About Joji Oka
May 23, 1902 - December 17, 1970
|Place of Birth||:||Tokyo, Japan|
|Also Known As||:||Katsuzō Nakamizo, 岡 譲司, Susumu Minobe, 中溝 勝三, 美濃部 進, 岡 譲二, Кацудзо Накамидзо, Дзёдзи Ока, Сусуму Минобэ, Jôji Oka|
|Imdb Profile||:||IMDB Profile|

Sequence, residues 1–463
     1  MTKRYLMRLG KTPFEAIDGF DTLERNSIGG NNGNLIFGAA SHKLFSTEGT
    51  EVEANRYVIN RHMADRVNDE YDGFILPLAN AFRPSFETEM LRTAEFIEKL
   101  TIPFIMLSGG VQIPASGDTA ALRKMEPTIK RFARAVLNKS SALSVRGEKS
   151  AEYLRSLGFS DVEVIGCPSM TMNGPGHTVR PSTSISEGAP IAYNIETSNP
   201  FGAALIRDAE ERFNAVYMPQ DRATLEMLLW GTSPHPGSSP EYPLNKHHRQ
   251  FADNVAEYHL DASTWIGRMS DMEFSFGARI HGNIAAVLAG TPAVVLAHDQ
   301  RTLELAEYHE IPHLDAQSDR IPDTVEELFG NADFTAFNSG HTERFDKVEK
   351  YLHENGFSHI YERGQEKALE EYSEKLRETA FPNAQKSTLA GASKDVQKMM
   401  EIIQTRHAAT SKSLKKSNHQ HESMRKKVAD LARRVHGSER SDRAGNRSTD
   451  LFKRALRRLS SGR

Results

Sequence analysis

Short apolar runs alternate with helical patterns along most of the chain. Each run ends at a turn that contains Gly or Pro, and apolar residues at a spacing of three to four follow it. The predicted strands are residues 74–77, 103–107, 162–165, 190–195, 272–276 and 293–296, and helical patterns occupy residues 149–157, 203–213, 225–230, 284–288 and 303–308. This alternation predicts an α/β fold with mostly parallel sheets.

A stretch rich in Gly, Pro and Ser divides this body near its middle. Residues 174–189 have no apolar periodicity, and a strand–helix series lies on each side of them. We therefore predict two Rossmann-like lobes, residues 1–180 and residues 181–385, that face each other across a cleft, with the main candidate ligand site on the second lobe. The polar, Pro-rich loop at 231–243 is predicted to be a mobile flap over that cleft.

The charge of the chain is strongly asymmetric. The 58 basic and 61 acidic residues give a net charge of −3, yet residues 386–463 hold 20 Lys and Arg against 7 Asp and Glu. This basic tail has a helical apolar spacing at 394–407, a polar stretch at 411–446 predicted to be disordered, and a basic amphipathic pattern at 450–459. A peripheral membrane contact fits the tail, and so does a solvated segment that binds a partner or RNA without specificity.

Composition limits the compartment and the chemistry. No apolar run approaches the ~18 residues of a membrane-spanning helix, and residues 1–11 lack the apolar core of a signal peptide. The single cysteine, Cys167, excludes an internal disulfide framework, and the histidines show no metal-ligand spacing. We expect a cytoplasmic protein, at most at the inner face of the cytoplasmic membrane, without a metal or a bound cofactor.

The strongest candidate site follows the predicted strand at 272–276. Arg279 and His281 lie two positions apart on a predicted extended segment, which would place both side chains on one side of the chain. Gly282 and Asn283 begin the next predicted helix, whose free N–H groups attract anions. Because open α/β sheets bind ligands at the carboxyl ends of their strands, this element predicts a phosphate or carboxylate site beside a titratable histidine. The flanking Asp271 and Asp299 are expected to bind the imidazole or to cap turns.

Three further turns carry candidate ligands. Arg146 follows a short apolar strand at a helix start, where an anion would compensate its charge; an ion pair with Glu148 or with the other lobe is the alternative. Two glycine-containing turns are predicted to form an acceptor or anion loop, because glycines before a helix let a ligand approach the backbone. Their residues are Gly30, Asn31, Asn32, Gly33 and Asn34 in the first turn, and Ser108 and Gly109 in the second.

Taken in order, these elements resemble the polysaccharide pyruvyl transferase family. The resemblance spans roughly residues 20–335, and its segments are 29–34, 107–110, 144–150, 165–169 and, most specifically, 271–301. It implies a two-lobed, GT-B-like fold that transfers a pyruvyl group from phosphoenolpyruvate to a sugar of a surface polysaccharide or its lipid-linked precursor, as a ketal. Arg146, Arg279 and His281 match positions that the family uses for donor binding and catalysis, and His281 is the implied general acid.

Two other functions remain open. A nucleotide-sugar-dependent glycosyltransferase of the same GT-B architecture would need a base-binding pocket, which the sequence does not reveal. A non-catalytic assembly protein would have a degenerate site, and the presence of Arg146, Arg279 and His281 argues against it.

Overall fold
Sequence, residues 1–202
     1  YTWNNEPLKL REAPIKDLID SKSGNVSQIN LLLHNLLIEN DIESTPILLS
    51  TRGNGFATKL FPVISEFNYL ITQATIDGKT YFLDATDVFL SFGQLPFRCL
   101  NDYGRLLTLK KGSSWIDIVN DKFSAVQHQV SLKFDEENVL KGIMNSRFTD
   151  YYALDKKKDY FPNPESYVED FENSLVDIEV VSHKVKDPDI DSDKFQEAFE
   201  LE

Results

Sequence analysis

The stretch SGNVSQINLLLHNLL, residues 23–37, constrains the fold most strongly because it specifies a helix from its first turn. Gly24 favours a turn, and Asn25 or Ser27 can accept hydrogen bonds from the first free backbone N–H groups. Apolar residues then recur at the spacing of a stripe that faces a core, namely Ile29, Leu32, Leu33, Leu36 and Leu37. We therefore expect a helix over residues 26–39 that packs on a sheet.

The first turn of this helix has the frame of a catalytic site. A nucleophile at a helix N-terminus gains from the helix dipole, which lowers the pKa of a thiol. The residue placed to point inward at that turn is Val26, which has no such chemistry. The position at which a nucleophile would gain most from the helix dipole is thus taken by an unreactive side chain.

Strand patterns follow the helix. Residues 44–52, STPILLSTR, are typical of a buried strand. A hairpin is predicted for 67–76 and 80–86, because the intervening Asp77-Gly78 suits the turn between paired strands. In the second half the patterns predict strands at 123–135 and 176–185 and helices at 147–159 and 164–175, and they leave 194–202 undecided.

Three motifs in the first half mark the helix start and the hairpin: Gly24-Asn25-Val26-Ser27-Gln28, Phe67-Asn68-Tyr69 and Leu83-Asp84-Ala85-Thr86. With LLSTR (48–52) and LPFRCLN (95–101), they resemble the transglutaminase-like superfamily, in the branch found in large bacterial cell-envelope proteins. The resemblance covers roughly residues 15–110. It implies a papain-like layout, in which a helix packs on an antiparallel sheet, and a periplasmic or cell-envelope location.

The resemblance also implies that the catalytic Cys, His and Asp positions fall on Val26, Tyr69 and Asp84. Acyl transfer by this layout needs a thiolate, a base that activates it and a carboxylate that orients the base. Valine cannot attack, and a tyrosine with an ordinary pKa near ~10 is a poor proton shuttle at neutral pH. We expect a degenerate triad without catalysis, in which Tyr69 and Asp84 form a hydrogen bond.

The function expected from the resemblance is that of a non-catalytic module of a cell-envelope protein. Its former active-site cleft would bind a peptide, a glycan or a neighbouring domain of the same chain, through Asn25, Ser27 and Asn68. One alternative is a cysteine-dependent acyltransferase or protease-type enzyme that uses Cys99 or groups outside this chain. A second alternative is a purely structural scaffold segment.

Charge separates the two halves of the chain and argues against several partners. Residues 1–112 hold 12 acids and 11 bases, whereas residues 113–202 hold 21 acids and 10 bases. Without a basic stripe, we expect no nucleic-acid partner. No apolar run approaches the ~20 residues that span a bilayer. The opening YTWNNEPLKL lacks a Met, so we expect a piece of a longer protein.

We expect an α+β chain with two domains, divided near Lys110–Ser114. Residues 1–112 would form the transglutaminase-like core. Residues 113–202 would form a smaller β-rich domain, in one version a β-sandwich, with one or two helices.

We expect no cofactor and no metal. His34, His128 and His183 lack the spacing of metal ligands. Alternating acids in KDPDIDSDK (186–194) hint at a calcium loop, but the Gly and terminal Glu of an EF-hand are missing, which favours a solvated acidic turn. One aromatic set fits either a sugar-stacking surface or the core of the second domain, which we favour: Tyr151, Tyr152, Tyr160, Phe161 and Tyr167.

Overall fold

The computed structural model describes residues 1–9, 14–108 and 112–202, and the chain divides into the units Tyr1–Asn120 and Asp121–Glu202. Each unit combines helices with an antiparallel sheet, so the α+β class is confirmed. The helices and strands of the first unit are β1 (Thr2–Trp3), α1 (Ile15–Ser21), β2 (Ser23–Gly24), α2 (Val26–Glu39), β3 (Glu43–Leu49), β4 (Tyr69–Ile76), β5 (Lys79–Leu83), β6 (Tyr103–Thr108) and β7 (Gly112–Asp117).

Joji Oka, born in Tokyo, Japan, on May 25, 1902, was a renowned Japanese actor celebrated for his versatile roles in the film industry. His given name was Katsuzo Nakamizo, and he also used alternate names, including Susumu Minobe. Oka embarked on his cinematic journey in the late 1920s, making his debut with the film "Ryuko no Maki Tora no Maki" in 1928. He rose to prominence as a leading actor in movies like "Akai Hi Aoi Hi" (Red Lights, Blue Lights) in 1929. His influence extended across silent and sound films, where he showcased his remarkable voice and talent. In the early 1930s, Oka encountered personal and professional challenges, including a romantic involvement with actress Ran Koizumi and a subsequent disappearance incident. Later, he joined Toho Studios, further solidifying his position as a leading actor. Notable works, such as "Shiroi Kinjo" (White Robes) in 1936, featured his exceptional talents. During World War II, Oka served in the Imperial Japanese Army while simultaneously pursuing his acting career. Following the war, he resumed his involvement in filmmaking and garnered recognition for his roles in movies like "Kanchi eizu Seiretsu" (The Ambitious Gang) in 1954. Oka's career spanned from the late 1920s to the late 1960s, showcasing his versatility and skill in various genres, encompassing modern drama, period pieces, and action films. He passed away on December 17, 1970, at the age of 68, leaving behind a legacy of memorable performances within the realm of Japanese cinema.